“Art has a way of allowing the viewer to see things that they may have missed. Art documents every facet of life. It becomes meaningful to the viewer when they stop to recognize it.”
View in FANIQUE Magazine Issue 3 HERE
FANIQUE: To you personally, should art be meaningful? Why?
Ramona: If you are speaking for an artist, then yes, art has to be meaningful. Your work has to strike a chord in you. It has to move you somehow. It is this energy that hopefully passes on to the viewer. Art has a way of allowing the viewer to see things that they may have missed. Art documents every facet of life. It becomes meaningful to the viewer when they stop to recognize it.
FANIQUE: Why does art matter to our society?
Ramona: Art is the fuel for any society. If you look back in time over the past 100 years, you will find that art played a very large part in how society was formed and how it evolved. Imagine a city without any creative force within it. Now that is scary.
FANIQUE: You focused on colour theory and anatomy drawing and painting in your art collections. What is special about the subjects in your work? What makes them interesting and meaningful?
Ramona: While some of my work make reference to a few iconic figures from the past, majority of my subjects are not real people. I do not use live models in my artwork due to my poor eyesight. Painting from a live model is not possible, because I can’t see the detail. So because of that, I re-invent my muse by combining random characteristics. These “re-built” characters are much more interesting for me in the end. As I work on them, they gradually create their own new story.
FANIQUE: How is your creating process like? What is the timeline like for creating a collection generally?
Ramona: My creative process is very random. I normally work on several different paintings at a time. It really depends on my mood. You just never know when an idea will hit. I may not paint for several days, but during that time, I am completing the painting in my head. Piecing it together as to how I want it to look, and then eventually I just pick up my brush and do it.
FANIQUE: It’s emphasized in your biography that, “The random collaboration of old and new is important to me because this is how I see the new generation. It is the mixture of traditional and unconventional that attracts us and takes us on a fresh new journey.” How do you exactly see the “new generation”? Tell us more about this statement.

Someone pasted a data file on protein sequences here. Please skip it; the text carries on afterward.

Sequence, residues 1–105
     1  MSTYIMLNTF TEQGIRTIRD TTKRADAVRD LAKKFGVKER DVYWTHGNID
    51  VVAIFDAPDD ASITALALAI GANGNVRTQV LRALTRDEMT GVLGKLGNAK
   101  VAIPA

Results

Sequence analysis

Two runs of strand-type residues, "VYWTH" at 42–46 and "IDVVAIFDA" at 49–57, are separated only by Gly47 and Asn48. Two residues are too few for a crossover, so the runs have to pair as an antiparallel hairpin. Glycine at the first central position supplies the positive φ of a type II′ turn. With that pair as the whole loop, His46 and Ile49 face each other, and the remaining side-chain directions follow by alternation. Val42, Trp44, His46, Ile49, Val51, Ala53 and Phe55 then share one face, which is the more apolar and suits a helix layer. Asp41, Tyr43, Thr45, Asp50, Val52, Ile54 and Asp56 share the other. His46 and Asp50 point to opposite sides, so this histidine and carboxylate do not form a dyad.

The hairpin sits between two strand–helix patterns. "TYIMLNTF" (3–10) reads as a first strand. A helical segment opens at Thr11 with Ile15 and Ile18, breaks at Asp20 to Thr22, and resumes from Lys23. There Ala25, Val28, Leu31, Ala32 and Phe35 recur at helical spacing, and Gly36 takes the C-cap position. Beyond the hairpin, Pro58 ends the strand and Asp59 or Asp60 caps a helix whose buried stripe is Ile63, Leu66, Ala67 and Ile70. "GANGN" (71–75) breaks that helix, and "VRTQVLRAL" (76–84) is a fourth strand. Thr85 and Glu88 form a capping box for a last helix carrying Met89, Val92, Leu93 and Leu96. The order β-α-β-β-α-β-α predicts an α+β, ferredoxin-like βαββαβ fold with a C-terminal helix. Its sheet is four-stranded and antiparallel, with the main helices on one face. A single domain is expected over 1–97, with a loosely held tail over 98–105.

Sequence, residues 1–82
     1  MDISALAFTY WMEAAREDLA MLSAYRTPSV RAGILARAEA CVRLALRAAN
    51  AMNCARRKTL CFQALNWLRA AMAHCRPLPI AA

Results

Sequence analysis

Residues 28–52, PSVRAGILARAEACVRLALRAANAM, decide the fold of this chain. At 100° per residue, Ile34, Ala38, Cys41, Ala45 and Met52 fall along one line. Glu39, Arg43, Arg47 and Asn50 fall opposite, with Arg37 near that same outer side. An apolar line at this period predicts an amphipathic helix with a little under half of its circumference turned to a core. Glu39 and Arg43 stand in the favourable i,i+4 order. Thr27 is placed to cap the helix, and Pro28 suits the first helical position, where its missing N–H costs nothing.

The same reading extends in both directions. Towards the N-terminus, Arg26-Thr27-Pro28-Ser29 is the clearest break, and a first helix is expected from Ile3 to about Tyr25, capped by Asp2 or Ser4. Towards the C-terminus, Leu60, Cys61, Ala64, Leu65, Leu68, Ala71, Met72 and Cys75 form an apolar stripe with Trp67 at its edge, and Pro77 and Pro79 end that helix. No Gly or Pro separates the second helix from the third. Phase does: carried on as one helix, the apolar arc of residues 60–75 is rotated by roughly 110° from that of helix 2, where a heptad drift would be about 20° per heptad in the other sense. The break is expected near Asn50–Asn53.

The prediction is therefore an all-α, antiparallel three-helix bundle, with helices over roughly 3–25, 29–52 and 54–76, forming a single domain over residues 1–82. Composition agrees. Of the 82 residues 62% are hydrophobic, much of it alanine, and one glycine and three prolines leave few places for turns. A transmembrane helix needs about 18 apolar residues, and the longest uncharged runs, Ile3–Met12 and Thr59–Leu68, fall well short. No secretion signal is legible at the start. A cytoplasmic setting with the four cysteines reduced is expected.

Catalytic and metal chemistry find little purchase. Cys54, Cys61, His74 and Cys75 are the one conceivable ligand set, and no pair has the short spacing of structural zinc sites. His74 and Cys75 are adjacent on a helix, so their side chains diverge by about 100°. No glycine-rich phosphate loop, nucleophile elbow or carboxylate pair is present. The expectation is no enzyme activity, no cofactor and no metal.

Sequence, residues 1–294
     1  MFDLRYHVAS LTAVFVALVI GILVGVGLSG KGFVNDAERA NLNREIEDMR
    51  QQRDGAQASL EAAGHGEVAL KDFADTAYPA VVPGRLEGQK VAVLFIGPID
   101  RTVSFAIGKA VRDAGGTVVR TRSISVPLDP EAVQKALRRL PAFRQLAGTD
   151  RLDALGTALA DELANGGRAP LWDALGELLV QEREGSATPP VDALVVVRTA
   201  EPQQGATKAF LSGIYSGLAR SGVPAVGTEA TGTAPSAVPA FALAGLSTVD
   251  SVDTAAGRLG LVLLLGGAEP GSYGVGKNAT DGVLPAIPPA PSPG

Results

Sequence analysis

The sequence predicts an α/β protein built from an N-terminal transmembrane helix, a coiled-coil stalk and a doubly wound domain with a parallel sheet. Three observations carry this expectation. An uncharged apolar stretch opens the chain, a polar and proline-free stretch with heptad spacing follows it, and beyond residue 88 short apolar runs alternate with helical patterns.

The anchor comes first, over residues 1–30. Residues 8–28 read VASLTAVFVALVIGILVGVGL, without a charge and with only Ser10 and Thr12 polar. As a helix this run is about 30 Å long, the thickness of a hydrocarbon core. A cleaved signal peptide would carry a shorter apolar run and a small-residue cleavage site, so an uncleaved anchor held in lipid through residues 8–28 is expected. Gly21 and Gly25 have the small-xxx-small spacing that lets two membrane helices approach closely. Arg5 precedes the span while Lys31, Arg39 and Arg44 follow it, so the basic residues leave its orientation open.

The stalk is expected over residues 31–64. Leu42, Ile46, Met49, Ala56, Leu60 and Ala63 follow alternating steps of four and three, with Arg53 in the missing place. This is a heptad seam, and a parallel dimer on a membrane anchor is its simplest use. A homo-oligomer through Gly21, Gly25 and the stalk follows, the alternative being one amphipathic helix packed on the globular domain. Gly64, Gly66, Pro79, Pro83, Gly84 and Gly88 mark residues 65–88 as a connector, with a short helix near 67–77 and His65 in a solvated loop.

Ramona: It is a new time. Things are changing and rapidly moving forward. It is a progressive society out there these days. That is what I am looking to capture in my work. That is what hopefully makes my work distinct.
FANIQUE: You were born in Quesnel, British Columbia and studied at Emily Carr University of Art & Design. How has moving to and living in a different city, Toronto, changed or influenced your creating process?
Ramona: I moved to New York after my 2nd year at Emily Carr. I lived there on and off for over 10 years then moved back to Vancouver. In order for me to create, I need a city environment. Always busy…always thinking…always creating. I’ve been living in Toronto for 3 years now and I love it here.
FANIQUE: How do you make your art profitable?
Ramona: Making art profitable is realizing what your work is worth to you. It is about understanding what pieces of your work are strong and expanding on that idea. In order to make a profit, you need to keep people interested in your work. This means pushing your envelope…always.
FANIQUE: What are your approaches and recommendations to get more media exposure to the public?
Ramona: I think it is important to make a splash. Impact is everything for me. Any exposure is good exposure. I feel that media likes impact. They want to show something different. You have to push your work. You have to make it visible. Instagram is a huge part in the art scene today. It’s all visual. How can you not take advantage of that.
FANIQUE: Recommend us one to three sites where you get inspirations.
Ramona: I almost on a daily basis go online for inspiration. It’s important to know what is going on.
FANIQUE: How do you define FANIQUE?
Ramona: Fanique is a facilitator of all that is creative.